How long have you been in business?
Look for a well-established company. Call the Department of Consumer and Regulatory Affairs (DCRA) at (202) 442-4400 to see if the company has a current business license. Check the Office of the Attorney General’s website to see if there are unresolved consumer complaints for the contractor on file. No record of complaints against a particular contractor doesn’t necessarily mean that there have been no previous consumer problems. It may be that problems exist, but have not yet been reported, or that the contractor is doing business under several different names.
Are you licensed and registered with the District?
Ask to see the contractor’s license. Make sure it’s current.
How many projects like mine have you completed in the last year?
Ask for a list. This will help you determine how familiar the contractor is with your type of project.
Will my project require permits?
Licensed contractors should know whether or not your project will require permits. It is your responsibility to apply for all permits except water or sewer excavation permits, supplemental systems installation permits and raze permits. Only licensed contractors within the specific trade may apply for these permits. To find out if your project requires a permit and how to apply for one, visit DCRA’s Homeowners Center at 941 North Capitol Street, NE, or browse through DCRA's website.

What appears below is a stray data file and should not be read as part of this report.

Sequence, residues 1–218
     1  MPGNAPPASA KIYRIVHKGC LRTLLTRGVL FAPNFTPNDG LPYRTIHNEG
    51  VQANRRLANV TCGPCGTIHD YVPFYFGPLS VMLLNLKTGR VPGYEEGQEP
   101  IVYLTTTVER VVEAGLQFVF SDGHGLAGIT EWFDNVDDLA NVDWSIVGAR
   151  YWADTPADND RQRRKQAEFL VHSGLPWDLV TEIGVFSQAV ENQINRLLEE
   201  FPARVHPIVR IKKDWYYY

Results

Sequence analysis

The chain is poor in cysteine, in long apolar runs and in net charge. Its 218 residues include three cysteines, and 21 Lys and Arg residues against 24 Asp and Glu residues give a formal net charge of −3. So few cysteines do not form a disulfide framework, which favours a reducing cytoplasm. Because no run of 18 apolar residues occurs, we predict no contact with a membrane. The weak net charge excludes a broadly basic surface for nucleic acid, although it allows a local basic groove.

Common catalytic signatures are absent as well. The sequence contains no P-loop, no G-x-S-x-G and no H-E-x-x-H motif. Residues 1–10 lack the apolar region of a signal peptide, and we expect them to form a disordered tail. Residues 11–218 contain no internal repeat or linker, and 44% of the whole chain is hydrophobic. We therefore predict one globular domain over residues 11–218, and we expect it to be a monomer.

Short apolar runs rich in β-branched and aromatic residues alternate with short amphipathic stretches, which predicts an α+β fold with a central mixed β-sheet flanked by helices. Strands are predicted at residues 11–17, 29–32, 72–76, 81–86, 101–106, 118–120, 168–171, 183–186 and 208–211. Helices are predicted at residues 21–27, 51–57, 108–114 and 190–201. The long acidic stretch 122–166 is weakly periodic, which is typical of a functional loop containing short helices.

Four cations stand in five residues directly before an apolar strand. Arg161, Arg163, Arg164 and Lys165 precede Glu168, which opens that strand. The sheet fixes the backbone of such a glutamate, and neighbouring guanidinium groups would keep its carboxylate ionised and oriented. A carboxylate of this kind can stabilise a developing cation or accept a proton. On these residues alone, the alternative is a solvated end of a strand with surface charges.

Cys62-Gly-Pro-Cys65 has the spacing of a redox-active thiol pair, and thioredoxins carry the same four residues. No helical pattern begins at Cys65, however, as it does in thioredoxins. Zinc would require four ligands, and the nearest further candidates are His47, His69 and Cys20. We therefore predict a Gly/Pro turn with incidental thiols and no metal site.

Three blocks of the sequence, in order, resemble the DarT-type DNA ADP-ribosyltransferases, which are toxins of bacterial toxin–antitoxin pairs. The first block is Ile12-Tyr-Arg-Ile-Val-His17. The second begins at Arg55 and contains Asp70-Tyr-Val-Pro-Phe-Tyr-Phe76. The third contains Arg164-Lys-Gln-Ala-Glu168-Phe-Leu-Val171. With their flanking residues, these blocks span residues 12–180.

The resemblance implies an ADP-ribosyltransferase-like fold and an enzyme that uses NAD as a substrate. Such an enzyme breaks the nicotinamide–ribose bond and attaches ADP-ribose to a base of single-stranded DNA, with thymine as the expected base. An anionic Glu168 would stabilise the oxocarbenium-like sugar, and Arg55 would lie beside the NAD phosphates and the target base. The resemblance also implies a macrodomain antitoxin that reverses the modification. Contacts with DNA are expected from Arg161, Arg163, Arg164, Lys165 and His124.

May I have a list of references?
The contractor should be able to give you the names, addresses, and phone numbers of at least three clients who have projects similar to yours. Ask each how long ago the project was completed and if you can see it. Tell the contractor that you’d like to visit jobs in progress. You may want to ask the following:
- Can I visit your home to see the completed job?
- Were you satisfied with the project? Was it completed on time?
- Did the contractor keep you informed about the status of the project and any problems along the way?
- Were there unexpected costs? If so, what were they?
- Did workers show up on time? Did they clean up after finishing the job?
- Would you recommend the contractor?
- Would you use the contractor again?
Will you use subcontractors on this project?
If the answer is yes, ask to meet them, and make sure they have current insurance coverage and licenses. Also, ask them if they were paid on time by this contractor. A mechanic’s lien could be placed on your home if your contractor fails to pay a subcontractor or supplier on your project. That means the subcontractors and suppliers could go to court to force you to sell your home to pay their unpaid bills from your project. Protect yourself by asking the contractor and every subcontractor and supplier for a lien release or lien waiver.
What types of insurance do you carry?
Contractors should have personal liability, worker’s compensation, and property damage coverage. Ask for copies of insurance certificates; make sure they’re current. Don’t do business with contractors who don’t carry appropriate insurance. Otherwise, you’ll be held liable for any injuries or damages during the project.